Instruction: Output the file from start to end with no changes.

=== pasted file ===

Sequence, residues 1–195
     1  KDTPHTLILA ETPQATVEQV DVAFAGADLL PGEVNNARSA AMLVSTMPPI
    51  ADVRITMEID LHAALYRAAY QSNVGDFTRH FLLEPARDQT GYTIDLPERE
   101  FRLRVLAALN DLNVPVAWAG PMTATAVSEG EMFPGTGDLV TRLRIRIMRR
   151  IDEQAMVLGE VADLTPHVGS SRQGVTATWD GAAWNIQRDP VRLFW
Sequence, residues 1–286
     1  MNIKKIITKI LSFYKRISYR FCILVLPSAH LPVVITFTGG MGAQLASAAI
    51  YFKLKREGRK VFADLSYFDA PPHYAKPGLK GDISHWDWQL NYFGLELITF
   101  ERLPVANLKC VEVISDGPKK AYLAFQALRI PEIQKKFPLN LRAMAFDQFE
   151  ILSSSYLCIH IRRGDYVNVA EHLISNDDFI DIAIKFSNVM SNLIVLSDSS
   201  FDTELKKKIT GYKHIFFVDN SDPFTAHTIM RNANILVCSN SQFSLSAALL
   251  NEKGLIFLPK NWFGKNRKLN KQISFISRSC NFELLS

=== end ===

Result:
Sequence, residues 1–195
     1  KDTPHTLILA ETPQATVEQV DVAFAGADLL PGEVNNARSA AMLVSTMPPI
    51  ADVRITMEID LHAALYRAAY QSNVGDFTRH FLLEPARDQT GYTIDLPERE
   101  FRLRVLAALN DLNVPVAWAG PMTATAVSEG EMFPGTGDLV TRLRIRIMRR
   151  IDEQAMVLGE VADLTPHVGS SRQGVTATWD GAAWNIQRDP VRLFW
Sequence, residues 1–286
     1  MNIKKIITKI LSFYKRISYR FCILVLPSAH LPVVITFTGG MGAQLASAAI
    51  YFKLKREGRK VFADLSYFDA PPHYAKPGLK GDISHWDWQL NYFGLELITF
   101  ERLPVANLKC VEVISDGPKK AYLAFQALRI PEIQKKFPLN LRAMAFDQFE
   151  ILSSSYLCIH IRRGDYVNVA EHLISNDDFI DIAIKFSNVM SNLIVLSDSS
   201  FDTELKKKIT GYKHIFFVDN SDPFTAHTIM RNANILVCSN SQFSLSAALL
   251  NEKGLIFLPK NWFGKNRKLN KQISFISRSC NFELLS